Forrester is out with key mobile trends, and whether you are a Fortune 50 marketer with a large budget or a small or medium sized business trying to find promotional money, the list is a must-read.
The industry analyst firm’s trends for 2013 center on multiyear plans and scaled-up investments.
“Mobile’s dynamics of immediacy and ubiquity will challenge the notion that mobile is immature,” Forrester said in a report http://blogs.forrester.com/thomas_husson/13-02-14-2013_mobile_trends_for_mark.... “Innovators will overcome any concerns about maturity to make big, strategic investments in mobile to pull ahead of their competitors. Differentiating with mobile will require marketers to develop the multiyear visions required to drive real change in their business and their approach to implementing mobile services.”
As to which one to turn to first, Forrester says, “tablets will be the biggest short-term disruptors.”
Also, Forrester predicts more in-house mobile expertise and brands and other businesses looking to “engage a senior executive capable of taking the lead on mobile. Build a staffing plan based on your long term strategy.”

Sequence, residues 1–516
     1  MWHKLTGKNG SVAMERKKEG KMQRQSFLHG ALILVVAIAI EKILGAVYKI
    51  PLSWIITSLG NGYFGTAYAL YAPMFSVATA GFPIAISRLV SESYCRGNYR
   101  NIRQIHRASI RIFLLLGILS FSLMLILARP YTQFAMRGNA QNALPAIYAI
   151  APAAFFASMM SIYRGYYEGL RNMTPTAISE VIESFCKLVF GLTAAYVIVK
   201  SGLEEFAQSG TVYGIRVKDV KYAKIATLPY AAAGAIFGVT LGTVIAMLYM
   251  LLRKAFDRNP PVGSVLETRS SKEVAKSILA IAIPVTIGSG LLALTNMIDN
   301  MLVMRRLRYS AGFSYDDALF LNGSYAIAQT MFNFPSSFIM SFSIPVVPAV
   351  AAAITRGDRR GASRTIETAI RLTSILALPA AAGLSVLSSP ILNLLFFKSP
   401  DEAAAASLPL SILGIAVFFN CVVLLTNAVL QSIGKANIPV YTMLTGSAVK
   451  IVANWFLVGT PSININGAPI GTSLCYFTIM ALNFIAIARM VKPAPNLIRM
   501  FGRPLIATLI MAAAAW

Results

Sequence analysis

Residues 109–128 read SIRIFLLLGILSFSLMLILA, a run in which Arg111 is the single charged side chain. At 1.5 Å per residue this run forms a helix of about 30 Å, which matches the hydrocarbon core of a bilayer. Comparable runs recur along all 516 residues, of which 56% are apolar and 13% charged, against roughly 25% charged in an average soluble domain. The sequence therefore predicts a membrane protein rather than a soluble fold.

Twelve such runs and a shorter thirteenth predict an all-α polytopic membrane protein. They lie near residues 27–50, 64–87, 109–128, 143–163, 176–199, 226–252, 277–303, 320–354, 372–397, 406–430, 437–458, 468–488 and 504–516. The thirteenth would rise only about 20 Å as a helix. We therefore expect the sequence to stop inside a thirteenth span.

Forrester does not give a timeline for this change to happen, but it does say that the testing days are in the past.
“Mobile on the cheap is over,” the report says. “Implementing the complex technology to make the most of mobile opportunities requires a new vision of how to interact with customers, significant changes in culture and competencies across business and IT, and more investment.”
While there is little new here, it is an important report given Forrester’s vast understanding of the industry and the insights it gleaned from its relationships with brands and agencies.
This post was written as part of the IBM for Midsize Business program http://Goo.gl/t3fgW, which provides midsize businesses with the tools, expertise and solutions they need to become engines of a smarter planet. I’ve been compensated to contribute to this program, but the opinions expressed in this post are my own and don't necessarily represent IBM's positions, strategies or opinions.